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dc.contributor.authorMathews, Channing J
dc.contributor.authorMcGuire, Luke
dc.contributor.authorJoy, Angelina
dc.contributor.authorLaw, Fidelia
dc.contributor.authorWinterbottom, Mark
dc.contributor.authorRutland, Adam
dc.contributor.authorDrews, Marc
dc.contributor.authorHoffman, Adam J
dc.contributor.authorMulvey, Kelly Lynn
dc.contributor.authorHartstone-Rose, Adam
dc.date.accessioned2021-11-24T20:23:38Z
dc.date.available2021-11-24T20:23:38Z
dc.date.issued2021
dc.date.submitted2021-04-12
dc.identifier.issn1932-6203
dc.identifier.otherpone-d-21-12139
dc.identifier.urihttps://www.repository.cam.ac.uk/handle/1810/331042
dc.description.abstractThis study explored relations between COVID-19 news source, trust in COVID-19 information source, and COVID-19 health literacy in 194 STEM-oriented adolescents and young adults from the US and the UK. Analyses suggest that adolescents use both traditional news (e.g., TV or newspapers) and social media news to acquire information about COVID-19 and have average levels of COVID-19 health literacy. Hierarchical linear regression analyses suggest that the association between traditional news media and COVID-19 health literacy depends on participants' level of trust in their government leader. For youth in both the US and the UK who used traditional media for information about COVID-19 and who have higher trust in their respective government leader (i.e., former US President Donald Trump and UK Prime Minister Boris Johnson) had lower COVID-19 health literacy. Results highlight how youth are learning about the pandemic and the importance of not only considering their information source, but also their levels of trust in their government leaders.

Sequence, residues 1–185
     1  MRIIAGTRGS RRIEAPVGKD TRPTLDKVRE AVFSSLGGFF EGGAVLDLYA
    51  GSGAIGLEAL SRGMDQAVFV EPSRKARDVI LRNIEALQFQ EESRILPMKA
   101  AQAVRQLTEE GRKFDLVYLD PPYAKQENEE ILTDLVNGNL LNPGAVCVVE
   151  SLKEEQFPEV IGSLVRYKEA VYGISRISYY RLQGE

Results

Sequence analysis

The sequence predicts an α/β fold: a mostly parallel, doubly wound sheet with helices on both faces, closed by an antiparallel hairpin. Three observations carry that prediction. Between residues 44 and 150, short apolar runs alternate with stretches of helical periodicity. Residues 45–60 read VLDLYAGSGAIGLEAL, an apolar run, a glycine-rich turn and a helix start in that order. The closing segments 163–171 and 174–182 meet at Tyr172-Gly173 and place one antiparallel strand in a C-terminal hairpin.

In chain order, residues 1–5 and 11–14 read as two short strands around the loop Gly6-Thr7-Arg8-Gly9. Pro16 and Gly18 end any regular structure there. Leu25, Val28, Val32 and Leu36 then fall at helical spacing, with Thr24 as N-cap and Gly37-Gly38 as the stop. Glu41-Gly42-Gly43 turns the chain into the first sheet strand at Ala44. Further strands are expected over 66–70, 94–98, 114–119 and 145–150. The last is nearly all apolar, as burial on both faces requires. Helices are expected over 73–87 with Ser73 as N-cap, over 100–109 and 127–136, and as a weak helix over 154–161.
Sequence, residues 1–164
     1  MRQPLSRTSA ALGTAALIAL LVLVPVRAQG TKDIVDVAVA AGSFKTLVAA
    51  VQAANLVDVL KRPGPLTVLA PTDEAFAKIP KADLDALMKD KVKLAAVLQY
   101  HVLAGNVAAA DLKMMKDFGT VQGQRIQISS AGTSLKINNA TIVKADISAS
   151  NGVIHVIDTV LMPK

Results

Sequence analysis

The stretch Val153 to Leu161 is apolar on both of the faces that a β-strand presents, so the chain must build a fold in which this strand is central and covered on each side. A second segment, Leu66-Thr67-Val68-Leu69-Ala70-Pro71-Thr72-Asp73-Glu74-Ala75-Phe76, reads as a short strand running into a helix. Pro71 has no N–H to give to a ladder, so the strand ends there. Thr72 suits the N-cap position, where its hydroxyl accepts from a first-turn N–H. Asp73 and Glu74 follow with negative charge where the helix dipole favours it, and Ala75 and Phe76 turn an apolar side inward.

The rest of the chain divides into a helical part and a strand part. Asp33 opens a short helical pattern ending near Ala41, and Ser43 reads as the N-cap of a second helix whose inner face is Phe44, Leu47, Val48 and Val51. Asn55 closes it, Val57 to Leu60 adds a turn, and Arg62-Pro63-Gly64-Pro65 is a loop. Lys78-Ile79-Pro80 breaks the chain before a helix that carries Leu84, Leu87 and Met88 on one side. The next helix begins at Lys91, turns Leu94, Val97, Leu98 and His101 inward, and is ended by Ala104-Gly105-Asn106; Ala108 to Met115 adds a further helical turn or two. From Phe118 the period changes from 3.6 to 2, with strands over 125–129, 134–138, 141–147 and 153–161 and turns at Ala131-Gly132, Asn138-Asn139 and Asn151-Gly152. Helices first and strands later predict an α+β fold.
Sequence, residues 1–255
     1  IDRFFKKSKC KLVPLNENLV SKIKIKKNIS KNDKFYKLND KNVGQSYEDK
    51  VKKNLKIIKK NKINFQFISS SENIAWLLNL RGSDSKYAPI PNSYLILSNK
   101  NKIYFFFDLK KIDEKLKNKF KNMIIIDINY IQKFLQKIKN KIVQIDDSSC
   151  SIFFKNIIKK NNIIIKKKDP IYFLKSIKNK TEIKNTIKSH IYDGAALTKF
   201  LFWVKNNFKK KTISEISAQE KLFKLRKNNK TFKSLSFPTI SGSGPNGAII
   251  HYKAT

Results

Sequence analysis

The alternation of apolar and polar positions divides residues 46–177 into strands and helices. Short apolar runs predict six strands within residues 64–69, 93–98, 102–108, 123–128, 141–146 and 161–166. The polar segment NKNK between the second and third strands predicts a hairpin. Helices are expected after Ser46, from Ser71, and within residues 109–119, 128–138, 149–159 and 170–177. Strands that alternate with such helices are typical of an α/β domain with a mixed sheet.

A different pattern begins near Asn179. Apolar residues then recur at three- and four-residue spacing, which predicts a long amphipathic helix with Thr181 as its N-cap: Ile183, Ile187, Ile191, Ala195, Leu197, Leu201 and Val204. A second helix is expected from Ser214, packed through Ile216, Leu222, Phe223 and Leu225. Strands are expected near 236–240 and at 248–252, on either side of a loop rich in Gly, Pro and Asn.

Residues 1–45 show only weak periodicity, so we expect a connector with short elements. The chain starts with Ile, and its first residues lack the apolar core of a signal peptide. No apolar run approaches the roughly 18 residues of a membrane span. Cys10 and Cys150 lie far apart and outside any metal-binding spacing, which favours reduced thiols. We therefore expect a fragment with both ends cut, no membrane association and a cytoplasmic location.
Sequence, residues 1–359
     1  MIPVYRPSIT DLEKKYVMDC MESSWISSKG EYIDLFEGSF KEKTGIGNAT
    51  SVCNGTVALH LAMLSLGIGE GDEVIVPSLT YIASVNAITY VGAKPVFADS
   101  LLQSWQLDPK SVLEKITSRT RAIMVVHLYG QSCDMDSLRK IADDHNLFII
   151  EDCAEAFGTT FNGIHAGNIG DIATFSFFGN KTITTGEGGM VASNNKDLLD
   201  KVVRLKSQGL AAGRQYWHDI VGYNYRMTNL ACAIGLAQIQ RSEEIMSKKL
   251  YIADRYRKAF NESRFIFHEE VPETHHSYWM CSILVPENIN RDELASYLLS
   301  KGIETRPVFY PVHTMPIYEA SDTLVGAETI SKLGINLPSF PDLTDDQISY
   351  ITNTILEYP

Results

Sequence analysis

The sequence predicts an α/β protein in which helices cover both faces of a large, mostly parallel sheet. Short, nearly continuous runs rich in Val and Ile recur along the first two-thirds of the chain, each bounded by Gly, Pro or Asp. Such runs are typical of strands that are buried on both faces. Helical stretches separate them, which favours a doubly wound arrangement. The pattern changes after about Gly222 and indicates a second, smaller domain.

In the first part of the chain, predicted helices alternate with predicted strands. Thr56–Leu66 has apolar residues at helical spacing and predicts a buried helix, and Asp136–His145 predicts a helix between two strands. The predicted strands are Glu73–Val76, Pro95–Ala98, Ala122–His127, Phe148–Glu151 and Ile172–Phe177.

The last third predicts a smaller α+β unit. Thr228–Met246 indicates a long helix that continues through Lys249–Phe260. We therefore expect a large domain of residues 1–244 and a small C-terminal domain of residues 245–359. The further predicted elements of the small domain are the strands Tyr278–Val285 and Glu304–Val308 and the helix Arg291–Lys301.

dc.languageen
dc.publisherPublic Library of Science (PLoS)
dc.subjectResearch Article
dc.subjectMedicine and health sciences
dc.subjectPeople and places
dc.subjectSocial sciences
dc.subjectComputer and information sciences
dc.subjectScience policy
dc.titleAssessing adolescents' critical health literacy: How is trust in government leadership associated with knowledge of COVID-19?
dc.typeArticle
dc.date.updated2021-11-24T20:23:38Z
prism.issueIdentifier11
prism.publicationNamePLoS One
prism.volume16
dc.identifier.doi10.17863/CAM.78486
dcterms.dateAccepted2021-10-20
rioxxterms.versionofrecord10.1371/journal.pone.0259523
rioxxterms.versionVoR
rioxxterms.licenseref.urihttp://creativecommons.org/licenses/by/4.0/
datacite.contributor.supervisoreditor: Camacho-Rivera, Marlene
dc.contributor.orcidMathews, Channing J [0000-0002-4716-2299]
dc.contributor.orcidWinterbottom, Mark [0000-0001-8748-6733]
dc.contributor.orcidHoffman, Adam J [0000-0001-5508-3905]
dc.identifier.eissn1932-6203
pubs.funder-project-idU.S. National Science Foundation (DRL-1831593)
pubs.funder-project-idWellcome Trust (206259/Z/17/Z)
pubs.funder-project-idEconomic and Social Research Council (206259/Z/17/Z)
cam.issuedOnline2021-11-24


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